Latvia is best accessible from further countries by plane.
Riga International Airport is the largest passenger airport in the Baltic States (it serves as many passengers as Vilnius and Tallinn airports put together). The national airline airBaltic offers flights to destinations all over Europe. While there are several routes beyond Europe, traveling there usually requires a transfer at larger European hubs. Riga is the only airport to offer scheduled flights.
Roads lead to Latvia from Lithuania, Estonia, Russia, and Belarus. There are no customs nor border checks between Latvia and two other Baltic States, offering good opportunities to visit the three Baltic States by car in one trip. Borders with Russia and Belarus, however, may take multiple hours to cross and in almost all cases a visa will be needed.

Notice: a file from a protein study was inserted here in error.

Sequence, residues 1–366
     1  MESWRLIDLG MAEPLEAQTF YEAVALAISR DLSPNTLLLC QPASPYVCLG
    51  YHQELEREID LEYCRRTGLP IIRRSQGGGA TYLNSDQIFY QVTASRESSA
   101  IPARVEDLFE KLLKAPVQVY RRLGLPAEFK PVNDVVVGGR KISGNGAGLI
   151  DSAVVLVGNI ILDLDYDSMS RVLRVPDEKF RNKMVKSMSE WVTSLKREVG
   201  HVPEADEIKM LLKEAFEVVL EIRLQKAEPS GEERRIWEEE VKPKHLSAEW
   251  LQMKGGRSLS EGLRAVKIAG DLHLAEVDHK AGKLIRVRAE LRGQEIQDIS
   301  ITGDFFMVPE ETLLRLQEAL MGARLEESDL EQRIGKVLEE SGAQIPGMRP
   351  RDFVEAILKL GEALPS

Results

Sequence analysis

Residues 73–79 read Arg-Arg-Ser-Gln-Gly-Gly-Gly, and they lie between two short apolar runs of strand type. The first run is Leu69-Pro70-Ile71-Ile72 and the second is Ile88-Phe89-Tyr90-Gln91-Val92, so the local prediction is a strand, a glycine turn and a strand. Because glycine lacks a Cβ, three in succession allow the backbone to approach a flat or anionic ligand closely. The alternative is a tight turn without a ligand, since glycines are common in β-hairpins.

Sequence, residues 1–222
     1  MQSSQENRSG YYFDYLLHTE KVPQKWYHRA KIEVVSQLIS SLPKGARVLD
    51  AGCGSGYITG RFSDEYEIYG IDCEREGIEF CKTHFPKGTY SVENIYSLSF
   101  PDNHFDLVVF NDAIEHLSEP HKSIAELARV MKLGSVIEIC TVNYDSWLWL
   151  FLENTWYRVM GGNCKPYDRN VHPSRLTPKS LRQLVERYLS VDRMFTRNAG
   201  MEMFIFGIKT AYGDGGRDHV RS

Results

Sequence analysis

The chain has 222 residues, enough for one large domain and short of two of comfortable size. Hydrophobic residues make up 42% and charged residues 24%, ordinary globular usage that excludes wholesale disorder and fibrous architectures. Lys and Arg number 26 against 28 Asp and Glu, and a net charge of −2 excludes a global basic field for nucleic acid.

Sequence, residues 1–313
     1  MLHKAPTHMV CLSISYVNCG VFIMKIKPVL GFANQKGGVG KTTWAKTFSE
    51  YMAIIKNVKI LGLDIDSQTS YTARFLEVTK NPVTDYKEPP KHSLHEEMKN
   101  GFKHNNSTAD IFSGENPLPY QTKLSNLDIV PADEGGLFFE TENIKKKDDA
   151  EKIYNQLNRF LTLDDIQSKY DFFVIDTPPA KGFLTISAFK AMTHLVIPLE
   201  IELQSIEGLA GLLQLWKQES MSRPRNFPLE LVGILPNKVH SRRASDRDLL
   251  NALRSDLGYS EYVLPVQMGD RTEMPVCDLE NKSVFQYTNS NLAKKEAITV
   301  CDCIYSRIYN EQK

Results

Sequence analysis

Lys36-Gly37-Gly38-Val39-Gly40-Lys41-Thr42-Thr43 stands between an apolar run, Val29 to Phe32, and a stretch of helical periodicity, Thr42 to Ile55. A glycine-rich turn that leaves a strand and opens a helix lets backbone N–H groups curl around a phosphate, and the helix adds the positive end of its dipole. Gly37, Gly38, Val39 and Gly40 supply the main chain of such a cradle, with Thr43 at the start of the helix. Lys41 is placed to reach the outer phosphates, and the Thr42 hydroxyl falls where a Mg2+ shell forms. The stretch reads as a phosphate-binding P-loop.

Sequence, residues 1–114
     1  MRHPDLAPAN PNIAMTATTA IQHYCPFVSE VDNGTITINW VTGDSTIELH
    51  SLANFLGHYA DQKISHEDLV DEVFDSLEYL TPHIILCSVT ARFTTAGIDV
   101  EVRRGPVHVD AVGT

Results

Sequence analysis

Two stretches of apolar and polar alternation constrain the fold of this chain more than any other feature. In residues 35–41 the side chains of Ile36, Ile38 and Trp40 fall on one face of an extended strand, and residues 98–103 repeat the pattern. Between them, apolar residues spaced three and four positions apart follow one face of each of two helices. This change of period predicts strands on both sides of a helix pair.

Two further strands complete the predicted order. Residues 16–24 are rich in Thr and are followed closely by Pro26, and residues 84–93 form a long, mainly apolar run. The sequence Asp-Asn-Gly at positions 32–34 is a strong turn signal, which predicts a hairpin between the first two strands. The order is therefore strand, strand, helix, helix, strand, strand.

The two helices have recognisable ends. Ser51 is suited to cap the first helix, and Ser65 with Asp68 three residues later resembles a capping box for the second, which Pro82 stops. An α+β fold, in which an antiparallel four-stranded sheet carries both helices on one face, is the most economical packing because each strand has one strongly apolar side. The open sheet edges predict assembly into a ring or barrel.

As Latvia uses broad (“Soviet”) railroad gauge, the railroad access is limited to rather slow Russia-bound trains. There are no trains between the three Baltic capitals: while these would be technically possible, they would likely be too slow to outcompete buses.
As such, buses are the prime mode of transportation between Latvia and the neighboring countries. Longer distance buses fell out of fashion as the aircraft connections improved. While there are also numerous flights to Tallinn and Lithuania, these are too expensive to be competitive for non-business customers.
Latvia has three major ports: Riga, Ventspils, and Liepāja. Each of them offers different opportunities to cross the Baltic Sea in a ferry, with routes available to Stockholm (Sweden), Germany, and St. Petersburg (Russia). These routes typically depart in the evening (or afternoon) and arrive the following morning (or afternoon). One may hire a cabin.
Additionally, Cruise ships visit Riga in summer.
One thought on “Getting to/from Latvia”
More pictures would have been nice.